Creative People: When Fashion Comes to Life
By Stuart Mitchner
“Creative people are curious, flexible, persistent, and independent with tremendous spirit of adventure and a love of play.” – Henri Matisse
In my dissheveled outsider’s view, the fashion world is best approached when it relates to art or cinema or literature, or, as I’ve just learned, when it’s embodied by designers who live up to Matisse’s definition of creative people. After scanning some new fashion-oriented publications appropriate to the holiday season, I’ve found the virtues of curiosity, persistance, independence, a spirit of adventure and a love of play in people like fashion legend Loulou de la Falaise (1948-2011) and Alber Elbaz, the creative director of Lanvin.
I have to say that I prefer a smiling Loulou to the somnolent, trancedlooking creature (or should I say creation) on the cover of Loulou de la Falaise (Rizzoli $65), written by Ariel de Ravenel and Natasha Fraser- Cavassoni and designed by Alexandre Wolkoff, with a foreword by Pierre Bergé, and afterword by Loulou’s husband Thadée Klossowski. Not that there’s anything not to like about the cover image, with its compelling evocation of the Bohemian chic for which Loulou was famous (or infamous, some admirers say). Given my comfort level with literature, I find it hard to resist a face styled to suggest a romance of the demi-monde: a touch of Colette and Coco Chanel mixed with the earthy charisma of a courtesan out of Balzac, and Marlene Dietrich as a bored femme fatale who yawns as she sends men to their doom. The most bizarre touch is the cigarette, which is as much an ornament as the necklace and earrings, there not to be smoked but to be worn. The sly, outré humor of the cigarette reflects the “love of play” Matisse mentions, a characteristic of Loulou and Yves Saint-Laurent (1936-2008), for whom de la Falaise was both muse and co-author of an epic narrative of design that galvanized the fashion world.
Jeffrey Felner’s review of Loulou de la Falaise in the New York Journal of Books refers to “a museum worthy showing of photographs that lays testament to who and what she was during her life. What comes through it all is the feeling that you would want to be friends with someone who was that creative, that free, that inclusive. She was indeed crazy about her husband, her family, and her extended family, and even those who wanted to dislike her fell under her thrall. She was truly creative and infused her being into the lives of those she adored and into a business where she was more likely to have been ostracized than loved.”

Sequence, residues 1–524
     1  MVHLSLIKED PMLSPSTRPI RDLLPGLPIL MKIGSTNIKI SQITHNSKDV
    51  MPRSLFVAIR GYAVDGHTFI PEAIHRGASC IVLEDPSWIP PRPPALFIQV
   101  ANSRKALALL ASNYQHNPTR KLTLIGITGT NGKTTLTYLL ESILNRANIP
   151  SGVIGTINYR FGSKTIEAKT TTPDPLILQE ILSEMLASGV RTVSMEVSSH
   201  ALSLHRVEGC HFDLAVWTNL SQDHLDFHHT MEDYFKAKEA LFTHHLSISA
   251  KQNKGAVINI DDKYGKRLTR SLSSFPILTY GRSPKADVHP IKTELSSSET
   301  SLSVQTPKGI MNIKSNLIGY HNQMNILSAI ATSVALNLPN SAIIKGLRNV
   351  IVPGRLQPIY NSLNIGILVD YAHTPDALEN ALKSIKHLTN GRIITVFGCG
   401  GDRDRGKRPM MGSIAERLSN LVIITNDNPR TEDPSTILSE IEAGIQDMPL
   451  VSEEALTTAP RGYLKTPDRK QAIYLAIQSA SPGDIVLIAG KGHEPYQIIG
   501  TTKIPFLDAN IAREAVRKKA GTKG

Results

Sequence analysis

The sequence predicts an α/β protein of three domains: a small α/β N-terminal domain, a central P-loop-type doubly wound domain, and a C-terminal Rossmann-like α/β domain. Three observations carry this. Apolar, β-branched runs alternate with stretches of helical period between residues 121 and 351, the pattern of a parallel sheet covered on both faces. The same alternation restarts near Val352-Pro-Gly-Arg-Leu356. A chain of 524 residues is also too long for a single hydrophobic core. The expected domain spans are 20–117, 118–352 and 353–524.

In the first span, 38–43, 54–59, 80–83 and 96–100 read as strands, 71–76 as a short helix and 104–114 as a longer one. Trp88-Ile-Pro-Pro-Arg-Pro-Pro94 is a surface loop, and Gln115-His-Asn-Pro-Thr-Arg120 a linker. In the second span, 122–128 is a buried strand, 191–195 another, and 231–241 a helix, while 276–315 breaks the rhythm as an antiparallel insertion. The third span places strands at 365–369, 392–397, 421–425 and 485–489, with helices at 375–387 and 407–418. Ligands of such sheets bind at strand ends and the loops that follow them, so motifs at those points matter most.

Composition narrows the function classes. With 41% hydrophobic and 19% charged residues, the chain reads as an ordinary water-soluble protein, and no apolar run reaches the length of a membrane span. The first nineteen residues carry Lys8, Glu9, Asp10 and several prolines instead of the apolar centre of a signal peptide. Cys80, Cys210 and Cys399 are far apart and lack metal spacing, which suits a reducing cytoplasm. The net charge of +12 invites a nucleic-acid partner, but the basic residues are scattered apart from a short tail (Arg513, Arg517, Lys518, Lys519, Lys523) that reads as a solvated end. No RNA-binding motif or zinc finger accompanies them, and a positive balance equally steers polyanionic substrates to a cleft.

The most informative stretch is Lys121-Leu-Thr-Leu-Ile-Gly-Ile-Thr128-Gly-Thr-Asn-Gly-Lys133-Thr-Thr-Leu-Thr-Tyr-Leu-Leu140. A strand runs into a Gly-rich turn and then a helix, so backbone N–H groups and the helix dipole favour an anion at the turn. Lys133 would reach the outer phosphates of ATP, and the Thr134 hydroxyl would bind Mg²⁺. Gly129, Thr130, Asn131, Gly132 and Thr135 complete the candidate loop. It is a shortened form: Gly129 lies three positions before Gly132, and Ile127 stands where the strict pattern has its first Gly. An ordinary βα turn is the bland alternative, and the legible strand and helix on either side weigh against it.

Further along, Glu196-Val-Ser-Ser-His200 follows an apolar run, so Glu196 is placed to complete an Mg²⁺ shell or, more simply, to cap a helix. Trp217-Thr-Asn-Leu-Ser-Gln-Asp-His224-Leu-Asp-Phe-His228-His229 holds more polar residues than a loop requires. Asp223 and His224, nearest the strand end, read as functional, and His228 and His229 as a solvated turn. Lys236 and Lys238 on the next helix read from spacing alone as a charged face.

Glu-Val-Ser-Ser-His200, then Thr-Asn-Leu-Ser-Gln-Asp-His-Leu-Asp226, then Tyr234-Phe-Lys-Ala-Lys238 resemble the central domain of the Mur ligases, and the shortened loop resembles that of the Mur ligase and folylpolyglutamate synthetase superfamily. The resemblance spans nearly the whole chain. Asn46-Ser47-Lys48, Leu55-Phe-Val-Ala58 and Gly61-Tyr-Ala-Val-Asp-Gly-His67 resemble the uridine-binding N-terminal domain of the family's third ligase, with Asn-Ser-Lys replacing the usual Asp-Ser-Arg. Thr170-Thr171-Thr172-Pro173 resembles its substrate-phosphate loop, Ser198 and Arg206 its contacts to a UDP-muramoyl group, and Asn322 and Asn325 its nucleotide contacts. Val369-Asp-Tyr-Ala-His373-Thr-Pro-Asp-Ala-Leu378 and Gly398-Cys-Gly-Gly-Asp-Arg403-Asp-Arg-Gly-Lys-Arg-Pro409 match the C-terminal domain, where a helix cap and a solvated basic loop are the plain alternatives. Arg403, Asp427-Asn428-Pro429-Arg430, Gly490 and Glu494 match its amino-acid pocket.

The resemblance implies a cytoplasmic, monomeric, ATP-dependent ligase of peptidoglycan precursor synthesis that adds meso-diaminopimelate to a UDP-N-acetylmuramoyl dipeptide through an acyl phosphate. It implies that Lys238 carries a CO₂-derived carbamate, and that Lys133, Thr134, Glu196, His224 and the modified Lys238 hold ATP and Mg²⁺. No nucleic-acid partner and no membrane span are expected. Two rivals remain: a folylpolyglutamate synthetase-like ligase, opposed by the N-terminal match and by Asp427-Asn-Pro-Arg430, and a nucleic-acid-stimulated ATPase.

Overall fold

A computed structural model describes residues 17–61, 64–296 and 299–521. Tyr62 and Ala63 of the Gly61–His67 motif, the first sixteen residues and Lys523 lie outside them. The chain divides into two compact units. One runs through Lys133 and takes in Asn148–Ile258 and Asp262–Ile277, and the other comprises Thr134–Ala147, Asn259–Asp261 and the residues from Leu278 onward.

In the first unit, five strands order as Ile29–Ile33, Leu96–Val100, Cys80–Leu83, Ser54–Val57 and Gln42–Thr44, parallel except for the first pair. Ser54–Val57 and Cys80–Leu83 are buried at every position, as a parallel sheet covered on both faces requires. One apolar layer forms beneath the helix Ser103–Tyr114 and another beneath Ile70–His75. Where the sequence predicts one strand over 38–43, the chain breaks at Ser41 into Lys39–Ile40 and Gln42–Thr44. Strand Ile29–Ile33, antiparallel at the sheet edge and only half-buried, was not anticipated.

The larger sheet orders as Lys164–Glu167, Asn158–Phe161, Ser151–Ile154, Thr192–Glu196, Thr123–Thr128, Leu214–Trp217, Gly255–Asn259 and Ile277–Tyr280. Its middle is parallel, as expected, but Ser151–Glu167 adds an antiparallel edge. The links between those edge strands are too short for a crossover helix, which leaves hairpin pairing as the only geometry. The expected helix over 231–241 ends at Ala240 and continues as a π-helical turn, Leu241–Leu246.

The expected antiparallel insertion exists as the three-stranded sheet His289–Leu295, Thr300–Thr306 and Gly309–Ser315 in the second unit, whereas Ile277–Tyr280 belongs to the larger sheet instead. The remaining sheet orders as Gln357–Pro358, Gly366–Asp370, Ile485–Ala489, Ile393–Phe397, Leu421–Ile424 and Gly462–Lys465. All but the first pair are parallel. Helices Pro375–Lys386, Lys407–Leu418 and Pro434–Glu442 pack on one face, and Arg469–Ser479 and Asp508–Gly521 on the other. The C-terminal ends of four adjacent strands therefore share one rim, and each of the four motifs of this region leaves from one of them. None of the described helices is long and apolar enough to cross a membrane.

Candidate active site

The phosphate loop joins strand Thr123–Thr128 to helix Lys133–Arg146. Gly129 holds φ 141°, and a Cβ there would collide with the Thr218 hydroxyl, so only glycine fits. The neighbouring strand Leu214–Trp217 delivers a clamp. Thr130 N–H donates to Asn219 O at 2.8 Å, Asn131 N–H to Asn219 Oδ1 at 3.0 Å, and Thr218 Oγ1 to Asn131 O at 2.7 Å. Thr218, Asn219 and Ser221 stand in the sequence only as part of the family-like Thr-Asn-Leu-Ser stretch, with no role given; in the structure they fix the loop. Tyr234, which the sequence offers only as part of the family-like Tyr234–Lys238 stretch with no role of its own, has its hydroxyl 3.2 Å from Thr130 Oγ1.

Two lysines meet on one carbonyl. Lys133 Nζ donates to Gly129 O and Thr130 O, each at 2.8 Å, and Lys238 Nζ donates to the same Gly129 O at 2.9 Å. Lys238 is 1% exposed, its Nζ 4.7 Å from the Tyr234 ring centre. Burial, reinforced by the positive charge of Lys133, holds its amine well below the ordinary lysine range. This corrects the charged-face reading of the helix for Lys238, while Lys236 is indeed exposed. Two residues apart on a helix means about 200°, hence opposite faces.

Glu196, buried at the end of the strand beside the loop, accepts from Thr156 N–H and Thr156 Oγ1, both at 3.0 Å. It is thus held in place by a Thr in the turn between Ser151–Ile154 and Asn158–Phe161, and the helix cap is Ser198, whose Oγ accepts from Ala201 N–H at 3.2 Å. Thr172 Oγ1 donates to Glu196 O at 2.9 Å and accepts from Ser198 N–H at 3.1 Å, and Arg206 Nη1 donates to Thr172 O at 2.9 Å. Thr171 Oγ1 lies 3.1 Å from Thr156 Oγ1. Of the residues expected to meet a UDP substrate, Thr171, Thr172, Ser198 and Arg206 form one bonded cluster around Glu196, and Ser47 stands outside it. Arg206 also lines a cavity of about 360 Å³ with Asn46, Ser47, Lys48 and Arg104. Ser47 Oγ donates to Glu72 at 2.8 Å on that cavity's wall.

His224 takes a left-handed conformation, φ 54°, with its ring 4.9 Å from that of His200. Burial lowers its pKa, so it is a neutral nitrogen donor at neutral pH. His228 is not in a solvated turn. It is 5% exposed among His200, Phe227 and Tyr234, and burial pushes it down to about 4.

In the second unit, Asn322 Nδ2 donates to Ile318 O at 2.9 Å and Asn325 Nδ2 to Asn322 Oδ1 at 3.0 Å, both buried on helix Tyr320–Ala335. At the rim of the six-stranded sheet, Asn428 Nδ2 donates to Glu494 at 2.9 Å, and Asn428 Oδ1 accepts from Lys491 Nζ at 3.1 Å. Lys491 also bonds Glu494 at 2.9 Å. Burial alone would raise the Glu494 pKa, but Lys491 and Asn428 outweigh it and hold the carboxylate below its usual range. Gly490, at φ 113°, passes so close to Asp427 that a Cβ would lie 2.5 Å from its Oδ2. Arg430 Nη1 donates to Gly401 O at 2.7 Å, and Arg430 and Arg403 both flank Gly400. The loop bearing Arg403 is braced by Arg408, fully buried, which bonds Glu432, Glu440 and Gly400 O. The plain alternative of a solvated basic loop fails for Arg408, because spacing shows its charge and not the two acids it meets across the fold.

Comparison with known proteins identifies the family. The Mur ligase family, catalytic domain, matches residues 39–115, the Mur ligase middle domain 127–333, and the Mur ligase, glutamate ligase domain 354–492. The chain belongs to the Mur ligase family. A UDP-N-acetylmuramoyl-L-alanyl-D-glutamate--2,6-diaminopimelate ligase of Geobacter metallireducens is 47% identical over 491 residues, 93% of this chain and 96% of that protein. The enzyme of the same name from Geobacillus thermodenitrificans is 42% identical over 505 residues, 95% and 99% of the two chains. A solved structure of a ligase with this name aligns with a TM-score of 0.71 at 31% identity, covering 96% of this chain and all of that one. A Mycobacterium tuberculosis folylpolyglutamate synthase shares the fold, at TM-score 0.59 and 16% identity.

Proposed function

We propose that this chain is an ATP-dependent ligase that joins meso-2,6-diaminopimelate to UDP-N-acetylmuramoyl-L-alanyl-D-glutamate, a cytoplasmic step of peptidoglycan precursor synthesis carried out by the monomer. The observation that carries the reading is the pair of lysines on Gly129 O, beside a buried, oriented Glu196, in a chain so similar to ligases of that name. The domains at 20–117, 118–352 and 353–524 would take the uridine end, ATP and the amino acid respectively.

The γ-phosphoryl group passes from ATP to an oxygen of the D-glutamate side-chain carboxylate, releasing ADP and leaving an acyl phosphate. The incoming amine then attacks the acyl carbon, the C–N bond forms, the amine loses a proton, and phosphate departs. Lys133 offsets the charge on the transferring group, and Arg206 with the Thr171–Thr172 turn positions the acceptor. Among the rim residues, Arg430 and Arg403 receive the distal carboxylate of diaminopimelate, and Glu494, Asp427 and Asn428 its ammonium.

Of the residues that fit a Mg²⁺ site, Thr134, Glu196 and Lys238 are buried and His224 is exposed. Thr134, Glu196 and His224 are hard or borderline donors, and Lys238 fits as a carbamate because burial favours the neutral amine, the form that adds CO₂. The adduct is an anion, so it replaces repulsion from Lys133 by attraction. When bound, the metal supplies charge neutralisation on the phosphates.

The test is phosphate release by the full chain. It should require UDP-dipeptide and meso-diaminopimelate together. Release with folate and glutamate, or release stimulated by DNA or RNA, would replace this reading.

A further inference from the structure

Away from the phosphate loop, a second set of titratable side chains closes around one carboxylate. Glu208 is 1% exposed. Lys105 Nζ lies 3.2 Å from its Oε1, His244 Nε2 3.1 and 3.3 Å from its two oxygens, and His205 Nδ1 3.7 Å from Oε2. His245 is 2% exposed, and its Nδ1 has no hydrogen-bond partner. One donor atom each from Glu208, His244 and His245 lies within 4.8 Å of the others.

To see why Loulou was loved you need only look at photographs of the Bois de Boulogne reception following her June 1977 wedding to Klossowski. Shown in one photograph with Bianca Jagger and Saint-Laurent, the beaming Loulou is radiant in a starstrewn midnight blue chiffon sheath, an iridescent tiara shaped like a crescent moon in her hair, starlight flashing around her ears, an enchanted vision out of a Midsummer Nights Dream world that is equally worthy of her wish to appear “like a summer night sky in Marrakech.”
THE MATISSE LINES
It’s refreshing to find that Saint-Laurent himself related to literature, Proust in particular (he sometimes signed hotel registers as Msr. Swann); in fact, it would be hard to imagine a more Proustian setting for a fashionable wedding than the Bois. Needless to say, Saint-Laurent also related to art. One of the featured works in MoMA’s current show, Henry Matisse: The Cut-Outs, is The Sheaf, also a feature in Saint-Laurent’s fall/winter 1980 haute couture collection where it inspired a black velvet and moiré faille evening dress with multicolor satin appliqué leaves. The premier art event in New York this season, the Matisse exhibit was the “blockbuster summer exhibition” at the Tate Modern in London, which the June issue of Vogue observed that “the tumbling stream of Matisse’s memories… make for an ideal style cue.” Meanwhile an article on www.architecturaldigest.com features “ten creative talents” who have been inspired by Matisse. Blue Nudes, the cover image on the MoMA exhibit monograph, inspired the stained-glass window of fashion executive Carla Fendi’s Roman apartment, and a Matisse drawing was the model for interior designer Billy Baldwin’s creation of the fabric for a client’s Manhattan living room. And you don’t have to look far online to find Oscar de la Renta’s Matisse Embroidered Bell skirt, which at last sighting had been marked down to $399 from $2,650.